The pro-life organization noted that the amendment “will enshrine abortion until birth, with zero restrictions, into Ohio’s constitution.”
“The seriousness of this ballot initiative cannot be overstated,” they continued, explaining that the amendment will mean that “Ohio’s legislature could not pass any future laws to protect the preborn” and that the “abortion issue would be ripped out of our hands permanently.”
In addition to explicitly prohibiting protections for unborn babies and barring parents from being involved if their minor daughter is seeking an abortion, the law could also leave gender-confused children vulnerable to being sterilized and mutilated with irreversible gender interventions.
Critics have warned that the language of the legislation could threaten parental rights with regard to children suffering gender dysphoria, forcing them to allow children to receive puberty blockers, cross-sex hormones, breast removal, or genital transformation surgeries because “gender identity” could be construed as relating to reproduction.
The extreme language has led Catholics and other pro-life advocates to come out forcefully against the measure.
John Hinshaw and Will Goodman, pro-life advocates who are currently incarcerated in Washington, D.C., for their involvement in a 2020 “rescue” effort at a notorious late-term abortion facility, shared a letter with LifeSiteNews urging Ohio voters to reject the ballot initiative and protect the preborn.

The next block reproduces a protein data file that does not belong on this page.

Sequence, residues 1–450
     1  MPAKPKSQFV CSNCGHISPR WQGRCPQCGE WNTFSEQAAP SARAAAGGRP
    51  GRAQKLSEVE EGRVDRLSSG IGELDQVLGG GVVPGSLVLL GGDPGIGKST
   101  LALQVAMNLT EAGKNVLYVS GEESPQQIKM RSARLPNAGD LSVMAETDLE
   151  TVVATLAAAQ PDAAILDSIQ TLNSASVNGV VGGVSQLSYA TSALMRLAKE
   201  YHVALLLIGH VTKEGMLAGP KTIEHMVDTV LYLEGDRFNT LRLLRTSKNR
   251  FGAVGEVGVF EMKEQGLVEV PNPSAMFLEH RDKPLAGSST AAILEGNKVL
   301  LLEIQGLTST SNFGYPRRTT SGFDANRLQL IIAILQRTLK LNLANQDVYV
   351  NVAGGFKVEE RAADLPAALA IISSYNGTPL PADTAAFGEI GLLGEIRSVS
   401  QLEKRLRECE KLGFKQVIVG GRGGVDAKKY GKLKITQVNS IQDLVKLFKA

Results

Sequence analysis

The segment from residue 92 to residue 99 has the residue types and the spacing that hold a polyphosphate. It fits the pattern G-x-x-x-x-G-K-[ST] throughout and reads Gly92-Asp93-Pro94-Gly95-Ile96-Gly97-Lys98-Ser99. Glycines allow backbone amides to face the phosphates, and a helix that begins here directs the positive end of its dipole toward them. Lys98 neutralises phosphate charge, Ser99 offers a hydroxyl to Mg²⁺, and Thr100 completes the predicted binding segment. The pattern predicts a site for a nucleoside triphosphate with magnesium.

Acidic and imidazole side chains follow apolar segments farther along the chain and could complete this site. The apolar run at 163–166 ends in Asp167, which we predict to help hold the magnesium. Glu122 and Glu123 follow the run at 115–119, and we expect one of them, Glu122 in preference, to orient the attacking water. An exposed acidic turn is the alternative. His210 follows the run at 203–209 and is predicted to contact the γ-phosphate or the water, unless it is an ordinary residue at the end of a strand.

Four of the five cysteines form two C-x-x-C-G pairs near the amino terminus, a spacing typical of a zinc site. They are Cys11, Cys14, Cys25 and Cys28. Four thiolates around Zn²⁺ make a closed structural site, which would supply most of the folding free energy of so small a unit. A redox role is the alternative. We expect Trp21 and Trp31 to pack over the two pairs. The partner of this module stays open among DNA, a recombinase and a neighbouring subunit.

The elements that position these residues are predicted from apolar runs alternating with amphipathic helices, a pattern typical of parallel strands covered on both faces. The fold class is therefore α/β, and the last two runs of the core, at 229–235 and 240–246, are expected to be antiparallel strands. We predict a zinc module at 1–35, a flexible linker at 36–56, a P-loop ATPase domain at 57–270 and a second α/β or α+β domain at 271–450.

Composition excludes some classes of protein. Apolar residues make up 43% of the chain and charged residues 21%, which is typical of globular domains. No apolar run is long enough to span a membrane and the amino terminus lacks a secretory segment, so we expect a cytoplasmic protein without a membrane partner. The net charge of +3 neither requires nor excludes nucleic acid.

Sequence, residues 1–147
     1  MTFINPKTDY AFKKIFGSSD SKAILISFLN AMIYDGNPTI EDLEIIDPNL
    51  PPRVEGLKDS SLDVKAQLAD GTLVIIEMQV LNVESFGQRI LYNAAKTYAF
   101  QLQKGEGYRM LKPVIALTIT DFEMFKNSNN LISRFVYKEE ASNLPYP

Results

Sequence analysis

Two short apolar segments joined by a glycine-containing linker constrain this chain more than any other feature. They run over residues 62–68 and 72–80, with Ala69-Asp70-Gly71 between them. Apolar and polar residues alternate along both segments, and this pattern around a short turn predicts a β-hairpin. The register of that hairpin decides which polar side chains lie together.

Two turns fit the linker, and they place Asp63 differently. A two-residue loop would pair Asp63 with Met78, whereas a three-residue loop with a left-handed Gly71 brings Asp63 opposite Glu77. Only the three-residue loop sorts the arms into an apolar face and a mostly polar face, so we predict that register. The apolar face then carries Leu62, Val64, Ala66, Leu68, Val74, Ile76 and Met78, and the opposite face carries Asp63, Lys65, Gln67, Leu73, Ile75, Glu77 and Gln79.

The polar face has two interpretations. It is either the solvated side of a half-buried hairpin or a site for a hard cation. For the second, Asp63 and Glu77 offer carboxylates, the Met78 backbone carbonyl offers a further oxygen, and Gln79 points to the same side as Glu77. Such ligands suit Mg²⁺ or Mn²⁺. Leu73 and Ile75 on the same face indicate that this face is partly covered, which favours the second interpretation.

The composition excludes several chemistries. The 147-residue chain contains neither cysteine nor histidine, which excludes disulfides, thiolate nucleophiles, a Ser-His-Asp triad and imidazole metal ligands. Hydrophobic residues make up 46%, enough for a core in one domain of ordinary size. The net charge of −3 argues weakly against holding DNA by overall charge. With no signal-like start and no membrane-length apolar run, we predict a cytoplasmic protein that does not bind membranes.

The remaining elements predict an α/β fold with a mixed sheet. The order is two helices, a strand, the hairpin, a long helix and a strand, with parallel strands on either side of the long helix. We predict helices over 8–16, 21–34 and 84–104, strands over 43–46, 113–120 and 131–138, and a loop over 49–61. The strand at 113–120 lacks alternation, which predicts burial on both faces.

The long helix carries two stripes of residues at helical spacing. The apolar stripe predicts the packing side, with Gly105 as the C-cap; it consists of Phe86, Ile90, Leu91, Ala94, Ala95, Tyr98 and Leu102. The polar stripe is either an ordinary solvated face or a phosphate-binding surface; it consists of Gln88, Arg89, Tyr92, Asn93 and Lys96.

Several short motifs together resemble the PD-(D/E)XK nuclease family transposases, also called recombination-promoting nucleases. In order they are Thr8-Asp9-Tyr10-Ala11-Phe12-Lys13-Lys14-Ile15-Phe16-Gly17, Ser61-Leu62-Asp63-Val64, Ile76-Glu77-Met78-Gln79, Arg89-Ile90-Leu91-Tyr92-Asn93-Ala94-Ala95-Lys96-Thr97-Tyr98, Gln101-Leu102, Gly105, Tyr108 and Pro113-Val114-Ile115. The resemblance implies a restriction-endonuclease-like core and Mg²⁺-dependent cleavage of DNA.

And Hinshaw and Goodman are far from alone.
Father Patrick Schultz, parochial vicar at Sacred Heart of Jesus Catholic Church in Wadsworth, Ohio, previously blasted the initiative as “demonic” and drew parallels between the “ancient pagan world” and the modern-day U.S., arguing that Planned Parenthood abortionists are equivalent to “Moloch’s priests.”
Another Ohio priest, Father Daniel Dury called the measure “extreme” and “radical,” and urged Catholics to pray, fast, get out the word, and vote against it.
Just last month, clergymen representing 171 religious congregations in Ohio signed onto a joint letter urging voters to reject the proposal.
Since the landmark pro-life victory at the U.S. Supreme Court in June 2022 that reversed nearly 50 years of radical federal abortion precedent established in Roe v. Wade, pro-life advocates have experienced a patchwork of victories and defeats at the state level.
While states like Texas, Idaho, Oklahoma, Alabama, and Kentucky have passed extensive pro-life laws to prohibit nearly all abortions statewide, and other states like Florida, North Carolina, and Nebraska have implemented partial abortion restrictions based on gestational age, other states like California, Oregon, New York, and New Mexico have moved in the opposite direction.
While some laws have benefited the pro-life cause and are predicted to save many babies, pro-life advocates have suffered a series of defeats with ballot measures to either enshrine abortion in the state constitution or create a constitutional protection for the unborn.
Voters in California, Vermont, and Michigan approved measures in 2022 enshrining abortion in their state constitutions. Meanwhile, opposite measures in Kentucky and Kansas to clarify that those states’ constitutions contain no right to abortion, and a Montana measure to protect infants born after botched abortions, all failed at the ballot box.